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A few years ago, a women’s magazine that shall remain nameless released a special issue aimed at shoppers size 12 and up. It promised fashion for an italicized you, imploring us to “shop here!” And perhaps it was in that spirit, the drive to sell as much as possible to underserved readers, that the cover model had been styled in not simply a wine-colored dress but also a large, body-obscuring coat and a purse strategically held over her belly. It might have been a purely capitalist impulse. But to us, it felt like some other bullshit.
Beyond the problem that a special issue was required at all (hi, welcome to our special issue about this same topic), this cover was part of a wider trend of magazines and brands pandering to women who don’t wear so-called “straight” sizes while staunchly refusing to show their actual bodies. But times have changed somewhat: Now we’re seeing a rash of brands using plus-size bodies in their ads; those same brands just don’t always happen to make plus-size clothing.
The conversation around clothes above a size 12 and the people who wear them has become more mainstream, but the contents of the discussion often feel divorced from the real issues. Progress can feel incremental. It’s exhausting to find a topic that affects people’s physical comfort in the world sidelined by bland and toothless exhortations to feel good about yourself. It’s tiring to say, “Thank you so much for using that model, now can you show her body? Thank you so much for showing her body, now can you make and sell clothing that could cover it?” There’s always something else that needs to be asked for, because somehow the needs of the actual majority of people cannot be anticipated by those in power without prodding.
So we’re here to prod, to move the conversation along in the hopes of actually getting somewhere (and showing up to that magical place in style). We’re here to talk about the representation that we’ve seen so far and what we need to see next. We’re here to ask brands that claim it’s very difficult to make plus-size clothing what the data on that is. We’re here to dismantle the conflation of the current body positivity movement and its radical roots in fat acceptance. We’re here to examine inclusivity, to name the phenomenon of size appropriation, and to tell fashion it should love us as much as we love it — without having to ask. (And if you’re wondering why, then, the bodies in the images in this package seem to cap out around a size 16 or so, it’s because we used stock images and images from the brands mentioned throughout — many of which are making strides, but not always, or often, enough.)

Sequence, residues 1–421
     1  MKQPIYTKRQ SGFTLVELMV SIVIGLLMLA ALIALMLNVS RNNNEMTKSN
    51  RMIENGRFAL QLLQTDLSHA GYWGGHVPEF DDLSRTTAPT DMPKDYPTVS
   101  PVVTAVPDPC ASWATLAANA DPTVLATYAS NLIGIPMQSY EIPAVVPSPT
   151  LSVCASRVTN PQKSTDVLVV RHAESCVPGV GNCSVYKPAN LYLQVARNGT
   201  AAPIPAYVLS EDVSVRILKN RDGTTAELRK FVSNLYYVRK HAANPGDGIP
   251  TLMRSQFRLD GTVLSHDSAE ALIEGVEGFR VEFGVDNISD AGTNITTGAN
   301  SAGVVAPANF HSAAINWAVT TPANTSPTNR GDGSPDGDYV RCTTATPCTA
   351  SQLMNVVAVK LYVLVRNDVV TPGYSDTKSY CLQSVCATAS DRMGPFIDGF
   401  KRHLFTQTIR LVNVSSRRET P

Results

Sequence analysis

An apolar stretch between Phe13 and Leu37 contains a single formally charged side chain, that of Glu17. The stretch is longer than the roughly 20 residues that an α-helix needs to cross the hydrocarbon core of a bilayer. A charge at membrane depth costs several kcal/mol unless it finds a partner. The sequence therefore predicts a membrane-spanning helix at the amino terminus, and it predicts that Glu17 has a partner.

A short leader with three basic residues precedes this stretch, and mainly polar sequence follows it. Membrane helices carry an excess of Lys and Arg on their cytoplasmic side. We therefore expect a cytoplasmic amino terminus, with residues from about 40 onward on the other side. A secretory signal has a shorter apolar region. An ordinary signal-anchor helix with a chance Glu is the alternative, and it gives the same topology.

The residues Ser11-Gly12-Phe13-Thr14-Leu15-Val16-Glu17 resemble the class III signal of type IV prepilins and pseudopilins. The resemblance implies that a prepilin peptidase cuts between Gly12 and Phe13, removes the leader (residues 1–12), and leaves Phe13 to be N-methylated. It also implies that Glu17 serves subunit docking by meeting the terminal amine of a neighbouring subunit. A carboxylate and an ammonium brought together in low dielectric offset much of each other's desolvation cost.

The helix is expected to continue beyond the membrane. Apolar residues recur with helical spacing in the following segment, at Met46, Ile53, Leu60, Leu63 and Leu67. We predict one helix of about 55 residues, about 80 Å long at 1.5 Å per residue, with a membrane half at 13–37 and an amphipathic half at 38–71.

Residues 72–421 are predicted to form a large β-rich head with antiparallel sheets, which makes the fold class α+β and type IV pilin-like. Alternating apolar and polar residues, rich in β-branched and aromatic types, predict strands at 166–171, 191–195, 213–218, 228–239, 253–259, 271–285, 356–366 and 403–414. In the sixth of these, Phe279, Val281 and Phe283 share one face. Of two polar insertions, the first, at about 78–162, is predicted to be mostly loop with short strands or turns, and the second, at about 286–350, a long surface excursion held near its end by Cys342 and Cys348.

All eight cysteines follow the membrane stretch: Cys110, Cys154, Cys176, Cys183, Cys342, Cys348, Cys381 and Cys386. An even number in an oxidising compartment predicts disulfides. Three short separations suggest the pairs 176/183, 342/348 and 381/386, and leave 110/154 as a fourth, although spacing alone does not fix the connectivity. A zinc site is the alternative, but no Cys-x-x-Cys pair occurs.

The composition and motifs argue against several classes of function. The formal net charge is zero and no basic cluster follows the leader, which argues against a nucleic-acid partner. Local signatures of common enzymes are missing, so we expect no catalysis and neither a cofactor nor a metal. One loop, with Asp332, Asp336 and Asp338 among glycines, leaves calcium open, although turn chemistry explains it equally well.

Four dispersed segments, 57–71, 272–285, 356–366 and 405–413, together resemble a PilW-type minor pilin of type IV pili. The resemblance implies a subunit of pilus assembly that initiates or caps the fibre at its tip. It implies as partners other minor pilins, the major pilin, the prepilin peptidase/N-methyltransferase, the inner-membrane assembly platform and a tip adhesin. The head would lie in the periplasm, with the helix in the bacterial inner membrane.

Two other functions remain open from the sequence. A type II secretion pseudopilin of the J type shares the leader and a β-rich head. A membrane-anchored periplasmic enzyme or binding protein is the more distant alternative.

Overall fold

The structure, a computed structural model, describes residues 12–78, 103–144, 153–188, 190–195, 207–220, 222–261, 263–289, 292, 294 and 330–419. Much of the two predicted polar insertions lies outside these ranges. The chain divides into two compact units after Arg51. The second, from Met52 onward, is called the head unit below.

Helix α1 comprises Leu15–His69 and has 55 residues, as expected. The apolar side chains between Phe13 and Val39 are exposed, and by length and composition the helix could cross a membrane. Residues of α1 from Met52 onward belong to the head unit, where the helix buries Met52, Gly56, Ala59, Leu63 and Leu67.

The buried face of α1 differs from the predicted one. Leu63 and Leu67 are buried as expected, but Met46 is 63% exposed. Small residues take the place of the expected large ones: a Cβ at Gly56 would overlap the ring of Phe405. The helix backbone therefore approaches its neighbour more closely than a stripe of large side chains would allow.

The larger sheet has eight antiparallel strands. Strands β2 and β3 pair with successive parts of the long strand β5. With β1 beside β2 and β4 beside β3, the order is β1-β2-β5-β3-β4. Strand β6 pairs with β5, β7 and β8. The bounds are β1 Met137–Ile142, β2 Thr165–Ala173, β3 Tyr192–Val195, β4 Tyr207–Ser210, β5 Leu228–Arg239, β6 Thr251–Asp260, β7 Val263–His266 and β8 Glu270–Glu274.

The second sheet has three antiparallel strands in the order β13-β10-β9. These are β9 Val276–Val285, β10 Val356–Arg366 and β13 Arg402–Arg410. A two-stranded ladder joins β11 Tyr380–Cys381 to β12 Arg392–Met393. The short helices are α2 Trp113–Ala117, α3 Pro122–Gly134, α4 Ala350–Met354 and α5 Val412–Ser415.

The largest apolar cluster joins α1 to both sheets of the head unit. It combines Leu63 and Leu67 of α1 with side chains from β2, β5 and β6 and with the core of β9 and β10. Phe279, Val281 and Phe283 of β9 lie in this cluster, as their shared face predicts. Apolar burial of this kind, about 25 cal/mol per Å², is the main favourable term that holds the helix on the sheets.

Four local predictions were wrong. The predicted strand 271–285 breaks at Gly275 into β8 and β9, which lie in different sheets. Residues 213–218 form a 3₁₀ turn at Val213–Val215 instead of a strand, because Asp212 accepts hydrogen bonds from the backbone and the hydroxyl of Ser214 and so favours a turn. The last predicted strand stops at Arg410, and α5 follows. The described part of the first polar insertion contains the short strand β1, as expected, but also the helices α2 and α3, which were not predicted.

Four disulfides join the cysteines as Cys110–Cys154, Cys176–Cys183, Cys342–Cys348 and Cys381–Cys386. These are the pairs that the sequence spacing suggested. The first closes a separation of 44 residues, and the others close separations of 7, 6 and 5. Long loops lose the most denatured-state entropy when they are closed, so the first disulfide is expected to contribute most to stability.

When we got the press release about that unnamed women’s magazine’s special size issue, we were angry that it asked Racked to join the chorus of outlets blindly offering praise for what we saw as an insulting half-measure. The question then became whether to take the publication to task or simply decline the invitation. We chose the latter; they just weren’t having the conversation we wanted to have. Now we have the chance to start that conversation, and we hope you’ll talk back.
—Meredith Haggerty, senior editor
What Does “Plus-Size” Even Mean?
A conversation with four women above a size 14 on how we talk about clothing and bodies.
Size, by the Numbers
How much it costs to make plus clothing, the measurements of the average American woman, and more.
Body Positivity Is a Scam
How a movement intended to lift women up really just limits their acceptable emotions. Again.
When Brands Use Plus Size Models and Don’t Make Plus Size Clothes
“Size appropriation” gets brands the brownie points without doing the work.
Is Inclusive Sizing Just Another Trend?
Target, Walmart, and even Reformation are expanding their offerings, and members of the plus community hope that’s here to stay.
I Love Fashion, but Fashion Doesn’t Love Me Back
The power of dressing and self-expression is often denied to women who wear above a certain size.
Further Reading for The Size Conversation
Old Racked favorites and other stories we love about size. If you want to chat further, about this or anything else, come join us in the Racked Lounge on Facebook!
Editors: Meredith Haggerty, Alanna Okun, Julia Rubin, Eleanor Barkhorn
Graphic designers: Christina Animashaun, Javier Zarracina
Audio: Andrew Marino, Alanna Okun
Contributors: Amanda Mull, Lauren Downing Peters, Hilary George-Parkin, Nadra Nittle, Ariel Woodson, Darlene Lebron, Hunter McGrady, Ushshi Rahmen
Special thanks to Susannah Locke, Ben Pauker, Eliza Brooke, Andrew Marino, Kainaz Amaria, Christina Animashaun, Javier Zarracina, Julie Bogen, Nisha Chittal, Kristine Hsu, Nicole Bamber, Tanya Pai, Tim Williams, Bridgett Henwood, Ellie Krupnick, Britt Aboutaleb
Image credits, from top: Image: Christina Animashaun/Vox; Christina Animashaun/Vox/Getty; Christina Animashaun/Vox, Glossier; Christina Animashaun/Vox, Everlane; Image: Christina Animashaun/Vox, Universal Standard; Image: Christina Animashaun/Vox